Oatmeal Stout


# OG, P OG, sg FG, P FG, sg ABV, % IBU SRM


11.2 1.045 2.6 1.010 ??? 25 Dark Brown (22-30)


15.9 1.065 4.6 1.018 5.9 40 Black, opaque (40+)

Overall Impression: A dark, roasty, full-bodied stout with enough sweetness to support the oat backbone. The sweetness, balance, and oatmeal impression can vary considerably.

Aroma: Mild grainy, roasty, coffee-like character with a light malty sweetness that can give a coffee-and-cream impression. Low to medium-high fruitiness. Medium-low earthy or floral hop aroma optional. A light grainy-nutty oatmeal aroma is optional. Medium-low diacetyl optional but typically absent.

Appearance: Brown to black in color. Thick, creamy, persistent tan- to brown-colored head. Clear, if not opaque.

Flavor: Similar to the aroma, with a mild roasted coffee, milk chocolate, or coffee-and-cream flavor, and low to moderately-high fruitiness. Oats can add a toasty-nutty, grainy, or earthy flavor. Medium bitterness. Medium-sweet to medium-dry finish, which affects the perception of balance. Malty, roasty, nutty aftertaste. Medium-low earthy or floral hop flavor optional. Medium-low diacetyl optional but typically absent.

Mouthfeel: Medium-full to full body, with a smooth, silky, velvety, sometimes an almost oily slickness from the oatmeal. Creamy. Medium to medium-high carbonation. Stronger versions may be lightly warming.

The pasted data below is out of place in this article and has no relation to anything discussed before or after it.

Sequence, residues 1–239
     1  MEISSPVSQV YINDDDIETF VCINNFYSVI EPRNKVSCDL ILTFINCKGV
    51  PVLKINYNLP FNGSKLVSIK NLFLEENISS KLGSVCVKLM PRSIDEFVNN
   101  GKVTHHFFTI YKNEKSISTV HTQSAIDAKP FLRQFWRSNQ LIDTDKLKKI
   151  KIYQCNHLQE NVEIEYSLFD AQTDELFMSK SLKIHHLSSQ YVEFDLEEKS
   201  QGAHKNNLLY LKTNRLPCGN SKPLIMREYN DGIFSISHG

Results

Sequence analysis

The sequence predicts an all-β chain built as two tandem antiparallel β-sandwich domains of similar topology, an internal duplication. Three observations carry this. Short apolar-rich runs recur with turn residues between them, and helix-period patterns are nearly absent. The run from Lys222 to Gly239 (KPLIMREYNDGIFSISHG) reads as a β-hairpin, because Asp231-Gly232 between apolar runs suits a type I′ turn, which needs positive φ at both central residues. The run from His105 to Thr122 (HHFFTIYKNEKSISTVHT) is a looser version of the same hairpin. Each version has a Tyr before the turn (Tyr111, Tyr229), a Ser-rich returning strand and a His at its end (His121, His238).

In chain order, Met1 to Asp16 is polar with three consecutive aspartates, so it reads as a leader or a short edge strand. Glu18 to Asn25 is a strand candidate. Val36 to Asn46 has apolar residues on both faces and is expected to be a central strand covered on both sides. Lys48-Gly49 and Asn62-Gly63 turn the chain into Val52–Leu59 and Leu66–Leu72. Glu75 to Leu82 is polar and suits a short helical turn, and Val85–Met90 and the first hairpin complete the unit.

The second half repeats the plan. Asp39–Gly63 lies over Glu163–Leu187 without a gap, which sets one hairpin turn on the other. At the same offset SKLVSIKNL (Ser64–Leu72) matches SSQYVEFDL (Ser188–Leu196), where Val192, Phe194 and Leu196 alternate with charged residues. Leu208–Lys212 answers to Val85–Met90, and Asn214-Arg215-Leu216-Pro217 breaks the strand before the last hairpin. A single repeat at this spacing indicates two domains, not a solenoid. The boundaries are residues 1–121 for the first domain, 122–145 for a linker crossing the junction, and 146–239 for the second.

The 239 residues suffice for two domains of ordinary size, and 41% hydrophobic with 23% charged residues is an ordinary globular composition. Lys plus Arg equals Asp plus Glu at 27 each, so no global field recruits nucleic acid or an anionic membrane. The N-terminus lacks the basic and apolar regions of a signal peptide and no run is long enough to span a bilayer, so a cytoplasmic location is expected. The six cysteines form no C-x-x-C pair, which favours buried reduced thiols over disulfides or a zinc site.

Comments: American versions tend to be more hoppy, less sweet, and less fruity than English examples. Bitterness, sweetness, and oatmeal impression varies. Light use of oatmeal may give a certain silkiness of body and richness of flavor, while heavy use of oatmeal can be fairly intense in flavor with an almost oily mouthfeel and dryish finish.

History: A variant of nourishing or invalid stouts around 1900 using oatmeal in the grist, similar to but independent of the development of sweet stout using lactose. An original Scottish version used a significant amount of oat malt. Later went through a shady phase where some English brewers would throw a handful of oats into their parti-gyled stouts in order to legally produce a ‘healthy’ Oatmeal Stout for marketing purposes. Most popular in England between the World Wars, was revived in the craft beer era for export, which helped lead to its adoption as a popular modern American craft beer style that uses a noticeable (not symbolic) quantity of oats.

Style Comparison: Most are like a cross between an Irish Extra Stout and a Sweet Stout with oatmeal added. Several variations exist, with the sweeter versions more like a Sweet Stout with oatmeal instead of lactose, and the drier versions more like a more nutty, flavorful Irish Extra Stout. Both tend to emphasize the body and mouthfeel.

Commercial Examples: Anderson Valley Barney Flats Oatmeal Stout, Broughton Stout Jock, St-Ambroise Oatmeal Stout, Samuel Smith Oatmeal Stout, Summit Oatmeal Stout, Young's London Stout


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